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Radio Central - in Los Angeles California - used dial up (well a dial on a dedicated line) to set up radio loops to common places.

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The glue used on carbon protectors, to hold the carbon blocks in place, will melt. If the gap has an arc, a long duration high voltage, the carbon heats up and glue melts. The spring holding the thing together will push the carbon gap together and ground out the telephone line, reducing the hazard of a high voltage. Ever take a look at your protector to see if there are strike marks on from high voltages? If not, go outside and do it now.

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In the old days the test for a good ground was if it would blow a 10 Amp fuse. You connected one wire to the hot side of the power line and a 10 Amp fuse. The other end of the fuse was connected to the ground rod or ground connection, the fuse should immediately burn out. Rather crude, but a very good test.

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If you use a rotary dial today, you can speed up the dial and it should work, perhaps at 15 pulses per second or maybe more. Just depends on your Central Office. "Speed Dialing" for rotary phones!

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Multi Line Key Telephones - the ones with the front row of buttons like a WE 565 or 2565, were good to use as conference phones. You opened the key strip (buttons) and took out the metal triangles. Then you could push down two or more buttons at once, a poor mans conference phone.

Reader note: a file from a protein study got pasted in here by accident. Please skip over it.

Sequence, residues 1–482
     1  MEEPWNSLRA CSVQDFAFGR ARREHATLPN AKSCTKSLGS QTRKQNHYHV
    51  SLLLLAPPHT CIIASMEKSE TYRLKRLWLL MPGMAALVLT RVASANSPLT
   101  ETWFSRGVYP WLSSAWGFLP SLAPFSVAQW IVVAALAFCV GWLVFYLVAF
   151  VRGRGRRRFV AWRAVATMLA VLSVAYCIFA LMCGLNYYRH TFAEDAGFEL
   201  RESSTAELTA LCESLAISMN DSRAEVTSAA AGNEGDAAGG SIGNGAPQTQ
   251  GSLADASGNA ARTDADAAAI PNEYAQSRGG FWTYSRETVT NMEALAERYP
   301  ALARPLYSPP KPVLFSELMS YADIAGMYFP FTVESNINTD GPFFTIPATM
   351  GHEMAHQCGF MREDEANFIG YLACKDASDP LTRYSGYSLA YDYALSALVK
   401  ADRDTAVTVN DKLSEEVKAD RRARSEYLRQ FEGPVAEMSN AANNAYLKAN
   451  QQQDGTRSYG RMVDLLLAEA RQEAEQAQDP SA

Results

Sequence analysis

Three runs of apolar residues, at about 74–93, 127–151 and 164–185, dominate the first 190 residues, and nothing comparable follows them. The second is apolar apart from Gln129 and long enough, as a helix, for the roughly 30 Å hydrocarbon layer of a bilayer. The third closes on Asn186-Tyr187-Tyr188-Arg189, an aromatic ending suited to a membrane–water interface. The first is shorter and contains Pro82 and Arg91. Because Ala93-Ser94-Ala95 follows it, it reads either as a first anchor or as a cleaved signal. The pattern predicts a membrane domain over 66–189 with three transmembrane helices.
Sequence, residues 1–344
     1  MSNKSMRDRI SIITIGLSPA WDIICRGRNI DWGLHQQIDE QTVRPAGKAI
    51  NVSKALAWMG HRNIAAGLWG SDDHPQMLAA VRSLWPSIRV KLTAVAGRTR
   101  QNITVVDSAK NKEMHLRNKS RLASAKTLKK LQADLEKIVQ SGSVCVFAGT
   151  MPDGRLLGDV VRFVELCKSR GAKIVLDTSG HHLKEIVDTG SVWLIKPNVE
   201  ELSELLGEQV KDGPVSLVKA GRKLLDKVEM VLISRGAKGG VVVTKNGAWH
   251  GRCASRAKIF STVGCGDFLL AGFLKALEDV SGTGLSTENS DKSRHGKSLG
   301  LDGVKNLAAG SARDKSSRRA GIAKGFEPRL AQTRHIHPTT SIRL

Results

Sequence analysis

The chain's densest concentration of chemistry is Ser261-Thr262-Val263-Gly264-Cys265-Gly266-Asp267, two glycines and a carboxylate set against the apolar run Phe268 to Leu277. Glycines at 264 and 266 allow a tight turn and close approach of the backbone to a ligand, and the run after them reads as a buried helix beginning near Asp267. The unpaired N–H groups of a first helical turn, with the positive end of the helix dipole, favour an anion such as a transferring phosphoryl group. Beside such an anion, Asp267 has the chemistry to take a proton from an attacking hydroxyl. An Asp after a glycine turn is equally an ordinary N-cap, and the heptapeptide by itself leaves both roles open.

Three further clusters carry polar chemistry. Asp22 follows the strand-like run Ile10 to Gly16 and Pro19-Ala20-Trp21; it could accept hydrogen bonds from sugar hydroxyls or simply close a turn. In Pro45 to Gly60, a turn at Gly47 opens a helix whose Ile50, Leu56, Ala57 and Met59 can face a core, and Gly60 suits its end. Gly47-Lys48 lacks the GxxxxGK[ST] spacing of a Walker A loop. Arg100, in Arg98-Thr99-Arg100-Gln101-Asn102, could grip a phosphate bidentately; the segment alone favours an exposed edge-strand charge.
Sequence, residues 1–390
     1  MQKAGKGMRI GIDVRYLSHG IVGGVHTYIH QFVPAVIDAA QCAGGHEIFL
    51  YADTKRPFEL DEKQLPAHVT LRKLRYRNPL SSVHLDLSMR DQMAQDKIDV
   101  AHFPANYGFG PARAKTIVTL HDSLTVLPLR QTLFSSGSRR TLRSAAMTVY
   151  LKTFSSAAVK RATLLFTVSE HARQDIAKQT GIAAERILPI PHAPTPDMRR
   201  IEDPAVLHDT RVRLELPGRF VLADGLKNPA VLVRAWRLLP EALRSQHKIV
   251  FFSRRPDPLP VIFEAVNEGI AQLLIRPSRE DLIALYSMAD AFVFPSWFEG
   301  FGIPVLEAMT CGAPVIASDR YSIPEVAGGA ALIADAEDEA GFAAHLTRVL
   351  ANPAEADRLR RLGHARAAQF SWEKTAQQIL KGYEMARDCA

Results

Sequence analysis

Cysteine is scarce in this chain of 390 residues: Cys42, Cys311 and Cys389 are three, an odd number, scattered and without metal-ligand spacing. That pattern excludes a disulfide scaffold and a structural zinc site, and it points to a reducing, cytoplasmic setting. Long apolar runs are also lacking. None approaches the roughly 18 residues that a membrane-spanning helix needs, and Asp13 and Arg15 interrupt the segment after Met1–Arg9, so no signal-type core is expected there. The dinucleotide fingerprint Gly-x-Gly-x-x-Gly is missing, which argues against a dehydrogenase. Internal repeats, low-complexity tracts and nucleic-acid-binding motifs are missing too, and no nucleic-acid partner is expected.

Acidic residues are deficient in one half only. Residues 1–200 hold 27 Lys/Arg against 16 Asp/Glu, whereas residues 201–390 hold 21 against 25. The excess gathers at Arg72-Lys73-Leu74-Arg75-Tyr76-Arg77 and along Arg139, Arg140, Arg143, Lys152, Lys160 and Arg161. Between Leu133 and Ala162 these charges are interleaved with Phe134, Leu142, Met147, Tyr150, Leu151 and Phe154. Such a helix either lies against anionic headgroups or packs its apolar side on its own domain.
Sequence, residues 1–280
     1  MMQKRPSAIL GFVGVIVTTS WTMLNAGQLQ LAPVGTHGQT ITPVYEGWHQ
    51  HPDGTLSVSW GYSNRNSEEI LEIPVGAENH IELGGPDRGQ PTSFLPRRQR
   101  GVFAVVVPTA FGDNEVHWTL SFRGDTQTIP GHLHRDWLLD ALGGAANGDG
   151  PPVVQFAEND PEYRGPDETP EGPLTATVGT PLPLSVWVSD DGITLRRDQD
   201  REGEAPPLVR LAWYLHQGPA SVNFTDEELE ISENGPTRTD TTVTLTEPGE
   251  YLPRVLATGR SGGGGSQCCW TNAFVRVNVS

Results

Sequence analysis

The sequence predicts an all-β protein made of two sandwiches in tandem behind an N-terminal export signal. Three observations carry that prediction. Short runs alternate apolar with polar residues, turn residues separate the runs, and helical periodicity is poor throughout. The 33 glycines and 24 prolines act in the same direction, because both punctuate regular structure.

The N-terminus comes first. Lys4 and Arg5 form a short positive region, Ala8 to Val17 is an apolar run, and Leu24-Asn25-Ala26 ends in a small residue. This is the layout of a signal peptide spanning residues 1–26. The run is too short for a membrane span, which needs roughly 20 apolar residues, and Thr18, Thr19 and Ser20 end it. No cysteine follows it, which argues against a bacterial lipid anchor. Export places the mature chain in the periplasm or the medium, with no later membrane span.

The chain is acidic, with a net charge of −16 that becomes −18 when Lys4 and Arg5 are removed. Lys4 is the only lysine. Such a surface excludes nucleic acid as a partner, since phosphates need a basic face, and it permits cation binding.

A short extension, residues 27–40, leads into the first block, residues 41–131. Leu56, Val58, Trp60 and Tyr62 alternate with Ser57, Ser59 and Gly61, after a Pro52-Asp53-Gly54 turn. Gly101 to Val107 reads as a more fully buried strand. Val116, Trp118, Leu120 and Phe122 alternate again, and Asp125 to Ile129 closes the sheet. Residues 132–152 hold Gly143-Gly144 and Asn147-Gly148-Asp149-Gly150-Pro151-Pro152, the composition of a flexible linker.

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Gas Tubes used for ringing were great. If you wanted more bells on the line you would use one. The Central Office in the olden days only checked the number of ringers by using 48 Volts DC and the gas tubes would not conduct. That was when the sets were rented to you and the phone company charged you for each one you had. As far as they knew I had only one.

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Step by Step offices would reverse the polarity of the telephone line when the called party answered.

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I visited the CCITT office in Geneva. Only 2 clerks and stack of documents.

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When talking on an under sea telephone cable in the olden days, the frequency response was a bit less then voice. The only way you knew for sure who you were talking to was by listening to the speech patterns and word usage.

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Carriage Return, Line Feed, Letters, Letters - anyone know this sequence?

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Old key telephone systems often used a pair to the Central Office that supplied 20 Hz ringing.

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If you dialed 11 (11 pulses) in a a Crossbar Office it would drop a card. This was like 2 IBM punched cards long. We did this just to annoy the switchman.

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Fast talking usually got results. I talked the phone company (Pacific Telephone) into giving me a ground start residence line. There is no tariff for this. I had it for years, somewhat different, as I had to wire my sets with a ground push button.

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All this has changed, I get my U-Verse (Internet and TV) from a fiber optic cable about half a block away. Seems like the olden days are gone forever!